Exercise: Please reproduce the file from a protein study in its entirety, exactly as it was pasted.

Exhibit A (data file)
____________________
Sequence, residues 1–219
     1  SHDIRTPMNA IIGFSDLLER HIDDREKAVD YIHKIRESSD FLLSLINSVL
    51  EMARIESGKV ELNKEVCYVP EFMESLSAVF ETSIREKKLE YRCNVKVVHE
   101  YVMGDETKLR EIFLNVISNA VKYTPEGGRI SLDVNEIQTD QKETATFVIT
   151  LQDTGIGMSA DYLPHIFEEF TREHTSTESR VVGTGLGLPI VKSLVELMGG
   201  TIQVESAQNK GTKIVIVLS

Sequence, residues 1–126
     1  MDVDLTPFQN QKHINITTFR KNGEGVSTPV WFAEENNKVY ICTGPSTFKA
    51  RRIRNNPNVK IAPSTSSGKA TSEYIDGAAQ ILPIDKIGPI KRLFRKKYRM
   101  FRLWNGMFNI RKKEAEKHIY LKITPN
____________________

Sequence, residues 1–219
     1  SHDIRTPMNA IIGFSDLLER HIDDREKAVD YIHKIRESSD FLLSLINSVL
    51  EMARIESGKV ELNKEVCYVP EFMESLSAVF ETSIREKKLE YRCNVKVVHE
   101  YVMGDETKLR EIFLNVISNA VKYTPEGGRI SLDVNEIQTD QKETATFVIT
   151  LQDTGIGMSA DYLPHIFEEF TREHTSTESR VVGTGLGLPI VKSLVELMGG
   201  TIQVESAQNK GTKIVIVLS

Sequence, residues 1–126
     1  MDVDLTPFQN QKHINITTFR KNGEGVSTPV WFAEENNKVY ICTGPSTFKA
    51  RRIRNNPNVK IAPSTSSGKA TSEYIDGAAQ ILPIDKIGPI KRLFRKKYRM
   101  FRLWNGMFNI RKKEAEKHIY LKITPN